Aesthetic Medicine
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As tattoos have increased in popularity across a widening demographic over recent years, so too has the desire to have them removed or replaced. 35% of the UK population aged 25 to 39 have at least one tattoo. Birmingham is the most tattooed city – 48% of that demographic have at least six tattoos. 35% of those who have tattoo regret them and would have them removed; the most common reason being to remove someone’s name. These statistics indicate a large and growing market for the removal of unwanted tattoos. Laser tattoo removal is regarded as the most effective means of doing so. Q-switched lasers are the most common devices used and more recently, picosecond lasers have been introduced.

The concept of laser tattoo removal is based on the theory of selective photothermolysis where a particular laser is selectively absorbed in a chromosphere such as oxyhemoglobin, melanin, water or pigment to heat and destroy the target without damaging the surrounding tissue. As the energy from the laser is absorbed it produces heat, which in the case of laser hair removal, will cause destruction of the hair follicle.

With Q-switched lasers, each pulse is delivered in nanoseconds, causing pressure force to mechanically break down the pigment into small fragments that can be absorbed and removed by the lymphatic system in a process of phagocytosis. This is known as photoacoustic effect.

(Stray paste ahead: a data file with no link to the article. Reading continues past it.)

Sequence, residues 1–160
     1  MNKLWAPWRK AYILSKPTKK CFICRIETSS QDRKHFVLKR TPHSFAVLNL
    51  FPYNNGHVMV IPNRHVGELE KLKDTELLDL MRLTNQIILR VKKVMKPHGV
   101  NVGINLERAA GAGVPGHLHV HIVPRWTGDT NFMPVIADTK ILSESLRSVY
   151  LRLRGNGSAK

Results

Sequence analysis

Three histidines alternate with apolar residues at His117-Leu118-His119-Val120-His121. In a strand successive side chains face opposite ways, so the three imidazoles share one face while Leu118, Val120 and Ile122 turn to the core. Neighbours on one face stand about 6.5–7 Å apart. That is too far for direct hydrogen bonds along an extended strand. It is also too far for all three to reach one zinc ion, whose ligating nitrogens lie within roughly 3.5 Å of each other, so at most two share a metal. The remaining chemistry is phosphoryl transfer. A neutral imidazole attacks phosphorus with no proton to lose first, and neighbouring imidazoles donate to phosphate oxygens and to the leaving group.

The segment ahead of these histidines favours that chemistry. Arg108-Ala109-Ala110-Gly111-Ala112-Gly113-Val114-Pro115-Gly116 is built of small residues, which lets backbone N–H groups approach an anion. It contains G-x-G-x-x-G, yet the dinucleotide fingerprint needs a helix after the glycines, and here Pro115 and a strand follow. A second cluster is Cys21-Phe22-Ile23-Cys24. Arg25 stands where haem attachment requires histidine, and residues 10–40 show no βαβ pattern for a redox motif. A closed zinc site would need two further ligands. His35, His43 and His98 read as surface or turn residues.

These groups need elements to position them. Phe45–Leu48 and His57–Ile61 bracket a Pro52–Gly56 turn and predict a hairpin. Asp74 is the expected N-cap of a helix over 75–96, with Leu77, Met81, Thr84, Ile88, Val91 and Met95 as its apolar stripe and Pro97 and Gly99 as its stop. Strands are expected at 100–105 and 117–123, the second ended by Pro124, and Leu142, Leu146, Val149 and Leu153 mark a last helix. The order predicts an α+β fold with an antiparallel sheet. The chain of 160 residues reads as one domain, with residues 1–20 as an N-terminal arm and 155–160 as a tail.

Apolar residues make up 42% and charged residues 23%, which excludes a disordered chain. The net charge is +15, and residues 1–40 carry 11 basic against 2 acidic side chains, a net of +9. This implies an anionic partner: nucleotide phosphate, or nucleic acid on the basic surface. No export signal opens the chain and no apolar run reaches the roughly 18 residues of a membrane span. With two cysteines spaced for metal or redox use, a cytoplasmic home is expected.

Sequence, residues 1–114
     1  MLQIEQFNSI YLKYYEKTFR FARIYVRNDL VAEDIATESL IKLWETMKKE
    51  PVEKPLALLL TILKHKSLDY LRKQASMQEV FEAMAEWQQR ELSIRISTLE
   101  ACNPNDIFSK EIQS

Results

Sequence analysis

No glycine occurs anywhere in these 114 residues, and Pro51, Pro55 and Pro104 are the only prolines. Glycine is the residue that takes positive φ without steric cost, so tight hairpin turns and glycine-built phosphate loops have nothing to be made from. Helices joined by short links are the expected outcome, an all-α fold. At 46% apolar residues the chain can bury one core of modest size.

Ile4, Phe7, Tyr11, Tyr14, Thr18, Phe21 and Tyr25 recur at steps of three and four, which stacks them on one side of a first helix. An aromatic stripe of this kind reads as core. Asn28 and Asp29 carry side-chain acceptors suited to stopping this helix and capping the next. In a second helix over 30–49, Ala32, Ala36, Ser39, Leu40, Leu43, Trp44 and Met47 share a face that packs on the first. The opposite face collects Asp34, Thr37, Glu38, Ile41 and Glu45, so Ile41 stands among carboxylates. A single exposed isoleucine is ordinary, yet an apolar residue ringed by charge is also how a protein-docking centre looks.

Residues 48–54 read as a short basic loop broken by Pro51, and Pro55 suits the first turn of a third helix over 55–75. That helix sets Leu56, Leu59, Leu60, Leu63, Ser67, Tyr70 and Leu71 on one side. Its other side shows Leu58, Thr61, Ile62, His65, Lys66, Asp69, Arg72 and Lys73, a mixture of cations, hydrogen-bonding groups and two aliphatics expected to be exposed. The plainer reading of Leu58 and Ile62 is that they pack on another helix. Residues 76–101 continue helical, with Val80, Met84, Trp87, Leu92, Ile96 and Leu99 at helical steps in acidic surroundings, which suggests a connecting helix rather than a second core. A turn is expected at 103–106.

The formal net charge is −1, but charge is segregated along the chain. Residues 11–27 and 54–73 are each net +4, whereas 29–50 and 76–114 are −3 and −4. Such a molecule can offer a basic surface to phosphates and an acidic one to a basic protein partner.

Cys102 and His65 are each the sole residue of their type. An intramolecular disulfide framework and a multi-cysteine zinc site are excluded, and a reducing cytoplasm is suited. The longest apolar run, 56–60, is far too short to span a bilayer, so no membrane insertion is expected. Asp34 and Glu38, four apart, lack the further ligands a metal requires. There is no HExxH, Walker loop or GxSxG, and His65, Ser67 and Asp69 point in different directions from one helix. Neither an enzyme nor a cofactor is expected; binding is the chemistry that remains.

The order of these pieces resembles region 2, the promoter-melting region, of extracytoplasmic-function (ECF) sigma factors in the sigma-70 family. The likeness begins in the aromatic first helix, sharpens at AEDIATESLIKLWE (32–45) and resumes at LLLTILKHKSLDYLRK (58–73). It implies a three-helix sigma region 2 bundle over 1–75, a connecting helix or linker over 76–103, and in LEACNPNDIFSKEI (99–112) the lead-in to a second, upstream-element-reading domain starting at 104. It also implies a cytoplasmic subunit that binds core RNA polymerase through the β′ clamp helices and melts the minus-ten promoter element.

A millisecond is the speed used for laser hair removal (a 1000th of a second). A nanosecond, however, is a billionth of a second and therefore much more efficient at producing this photoacoustic effect to break down the pigment in the tattoo.

In choosing the best technology for your clinic it is important to understand different lasers and their pros and cons.

There are two basic types of Q-switched lasers, namely passive and active Q-switched lasers. Passive Q-switched lasers are typically small, with the laser in the handpiece. They have lower power, a smaller and single spot size and may be suitable for fading tattoos. The larger active Q-switched lasers have an articulated arm, high peak power (high power and a short pulse duration), adjustable spot size and multiple wavelengths. They are effective in removing almost all pigment colours.

In recent years, picosecond lasers have been introduced. A pico second is 1000 times faster than a nanosecond, and these lasers are believed to be more effective and less painful that Q-switched lasers. They do, however, command a large premium in price, so the cost-benefit analysis needs to be considered.

The Q-10 Laser, distributed in the UK by Cosmeditech, is an active Q-Switched laser offering up to four wavelengths, high peak power and a variable spot size from 1-10mm.

In addition to removing 90% of all tattoo colours, the laser can remove benign pigmented lesions, vascular lesions, nail fungus, seborrheic keratosis and melasma making it a versatile addition to your practice.

For more information visit cosmeditech.com, email info@cosmeditech.com or call 0800 038 55 80

This article appears in the November/December 2021 Issue of Aesthetic Medicine

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This article appears in the November/December 2021 Issue of Aesthetic Medicine